Grand River Hospital to send naloxone kits home with overdose patients
Grand River Hospital has 100 rescue naloxone kits
A new partnership between the Waterloo Region Crime Prevention Council and Grand River Hospital (GRH) will see the hospital sending naloxone kits home with patients who have had, or are at risk of having, an opioid overdose.
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"We are trying to identify people who are not only at risk from [recreational] behaviours but also people who have access to a large amounts of opioid medication by prescription," said Dr. Rupinder Sahsi, an emergency physician at GRH and St.Mary's Hospital.
- People who have been on long-term pain control prescription.
- People whose prescription has changed and may put them at higher risk of exposure to an overdose.
- Those who may have family members, like children, that could accidently take the medication.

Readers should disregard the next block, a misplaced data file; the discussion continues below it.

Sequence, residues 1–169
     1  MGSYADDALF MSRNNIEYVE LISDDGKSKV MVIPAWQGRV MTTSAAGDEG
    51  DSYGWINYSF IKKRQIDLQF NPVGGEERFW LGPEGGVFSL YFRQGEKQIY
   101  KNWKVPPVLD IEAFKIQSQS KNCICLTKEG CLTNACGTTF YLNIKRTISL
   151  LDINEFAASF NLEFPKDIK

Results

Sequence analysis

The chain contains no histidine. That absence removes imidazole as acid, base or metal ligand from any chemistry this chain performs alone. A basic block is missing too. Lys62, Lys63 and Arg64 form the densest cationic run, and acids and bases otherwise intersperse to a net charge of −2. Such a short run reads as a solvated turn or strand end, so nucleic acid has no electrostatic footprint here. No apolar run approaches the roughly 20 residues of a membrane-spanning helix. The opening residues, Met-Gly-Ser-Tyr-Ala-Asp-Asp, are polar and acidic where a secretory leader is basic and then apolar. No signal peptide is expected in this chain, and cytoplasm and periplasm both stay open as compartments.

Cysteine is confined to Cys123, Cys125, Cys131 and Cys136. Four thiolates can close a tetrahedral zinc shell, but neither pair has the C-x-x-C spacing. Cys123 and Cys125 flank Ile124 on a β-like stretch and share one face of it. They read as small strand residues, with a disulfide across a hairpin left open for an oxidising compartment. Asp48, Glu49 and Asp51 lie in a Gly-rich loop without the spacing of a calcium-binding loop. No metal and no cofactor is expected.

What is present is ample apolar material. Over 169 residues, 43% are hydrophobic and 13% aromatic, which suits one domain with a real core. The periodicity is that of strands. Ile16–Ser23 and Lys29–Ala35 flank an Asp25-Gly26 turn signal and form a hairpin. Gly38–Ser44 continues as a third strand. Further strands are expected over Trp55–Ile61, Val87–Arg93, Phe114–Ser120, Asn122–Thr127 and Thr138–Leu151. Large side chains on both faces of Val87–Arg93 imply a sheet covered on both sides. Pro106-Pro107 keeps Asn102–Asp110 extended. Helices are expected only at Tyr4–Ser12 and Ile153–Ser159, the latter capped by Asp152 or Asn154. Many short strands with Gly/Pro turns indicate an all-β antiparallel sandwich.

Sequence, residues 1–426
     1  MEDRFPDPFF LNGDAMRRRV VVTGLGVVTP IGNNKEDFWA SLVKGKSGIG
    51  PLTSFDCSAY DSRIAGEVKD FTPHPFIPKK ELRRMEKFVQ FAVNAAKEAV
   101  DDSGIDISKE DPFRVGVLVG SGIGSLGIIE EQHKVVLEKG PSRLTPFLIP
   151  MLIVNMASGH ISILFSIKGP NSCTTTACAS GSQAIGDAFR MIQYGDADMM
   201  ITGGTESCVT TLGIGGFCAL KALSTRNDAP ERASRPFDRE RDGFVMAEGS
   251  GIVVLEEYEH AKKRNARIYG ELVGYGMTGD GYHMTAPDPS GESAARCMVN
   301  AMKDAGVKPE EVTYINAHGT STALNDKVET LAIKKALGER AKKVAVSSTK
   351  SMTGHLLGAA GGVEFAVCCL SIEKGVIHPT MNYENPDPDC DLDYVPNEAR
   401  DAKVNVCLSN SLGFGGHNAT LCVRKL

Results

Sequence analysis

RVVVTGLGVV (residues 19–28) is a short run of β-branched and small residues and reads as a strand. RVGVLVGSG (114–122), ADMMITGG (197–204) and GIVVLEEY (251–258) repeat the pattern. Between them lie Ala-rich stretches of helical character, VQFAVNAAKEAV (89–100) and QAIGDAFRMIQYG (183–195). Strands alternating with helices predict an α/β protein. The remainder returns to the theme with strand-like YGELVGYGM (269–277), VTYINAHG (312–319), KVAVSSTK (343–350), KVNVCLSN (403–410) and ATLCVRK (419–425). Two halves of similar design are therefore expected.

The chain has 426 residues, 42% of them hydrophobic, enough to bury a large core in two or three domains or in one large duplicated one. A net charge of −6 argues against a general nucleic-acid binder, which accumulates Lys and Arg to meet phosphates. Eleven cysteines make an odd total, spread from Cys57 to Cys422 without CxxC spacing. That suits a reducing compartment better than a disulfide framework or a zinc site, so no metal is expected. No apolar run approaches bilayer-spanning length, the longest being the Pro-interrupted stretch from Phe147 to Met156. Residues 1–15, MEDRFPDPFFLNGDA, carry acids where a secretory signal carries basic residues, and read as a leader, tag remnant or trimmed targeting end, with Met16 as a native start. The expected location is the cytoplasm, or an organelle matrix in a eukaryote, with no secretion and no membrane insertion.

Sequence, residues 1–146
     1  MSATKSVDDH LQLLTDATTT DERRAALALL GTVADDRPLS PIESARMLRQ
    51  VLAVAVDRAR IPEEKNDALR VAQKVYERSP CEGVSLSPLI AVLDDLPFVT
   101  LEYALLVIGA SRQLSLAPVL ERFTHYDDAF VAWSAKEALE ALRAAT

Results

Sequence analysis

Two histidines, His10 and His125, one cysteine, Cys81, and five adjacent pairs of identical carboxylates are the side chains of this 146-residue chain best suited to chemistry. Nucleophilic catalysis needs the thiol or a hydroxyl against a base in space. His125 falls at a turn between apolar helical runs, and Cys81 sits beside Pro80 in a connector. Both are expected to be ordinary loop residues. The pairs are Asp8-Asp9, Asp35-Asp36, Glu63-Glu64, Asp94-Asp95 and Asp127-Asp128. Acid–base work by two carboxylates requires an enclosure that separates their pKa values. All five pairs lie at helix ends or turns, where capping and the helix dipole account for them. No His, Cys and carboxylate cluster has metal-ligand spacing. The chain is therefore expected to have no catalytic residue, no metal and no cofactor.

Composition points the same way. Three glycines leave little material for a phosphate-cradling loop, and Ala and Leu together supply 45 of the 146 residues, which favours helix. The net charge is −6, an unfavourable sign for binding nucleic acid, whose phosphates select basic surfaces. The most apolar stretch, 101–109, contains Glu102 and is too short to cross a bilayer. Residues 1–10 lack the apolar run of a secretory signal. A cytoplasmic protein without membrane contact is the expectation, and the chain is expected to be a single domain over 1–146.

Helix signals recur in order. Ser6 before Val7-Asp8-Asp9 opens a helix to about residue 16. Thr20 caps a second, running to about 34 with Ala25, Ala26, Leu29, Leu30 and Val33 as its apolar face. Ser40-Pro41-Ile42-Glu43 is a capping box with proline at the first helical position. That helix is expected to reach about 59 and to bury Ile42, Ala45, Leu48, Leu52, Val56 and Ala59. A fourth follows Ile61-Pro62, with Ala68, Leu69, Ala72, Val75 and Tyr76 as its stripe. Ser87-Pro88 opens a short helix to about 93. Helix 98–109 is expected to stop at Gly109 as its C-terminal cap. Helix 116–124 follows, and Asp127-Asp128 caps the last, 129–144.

Naloxone has been established as an opioid antidote and "counteracts the effects of opioid drugs such as fentanyl, heroin, codeine, hydrocodone, morphine, hydromorphone, oxycodone, methadone and others," the release said.
However, Sashi cautions, if an overdose is suspected people must still call 911. Naloxone is only effective for a short period of time, and opioids stay in a person's system longer than Naloxone.
In the works for over a year
Sahsi has been working with Michael Parkinson from the Waterloo Region Crime Prevention Council for more than a year to launch this pilot project.
"We discussed whether or not the narcan programs that are available out of public health might also be extended to the people we see in our emergency rooms," Sahsi said.
The Waterloo Wellington Local Health Integration Network paid for the 100 rescue kits needed to get the pilot project off the ground and it will run as long as there are kits available.
Currently, opioid overdoses are the third leading cause of acute death in Ontario, killing more than 700 people in 2015.
In April, the council alongside more than 200 Ontario experts and stakeholders sent a letter to the Ministry of Health, warning that Ontario isn't prepared for the amount of bootleg fentanyl and other toxic opioid that has been circulating.
So far, there has been no response, Parkinson said in a message to CBC News.
With files from the CBC's Carmen Ponciano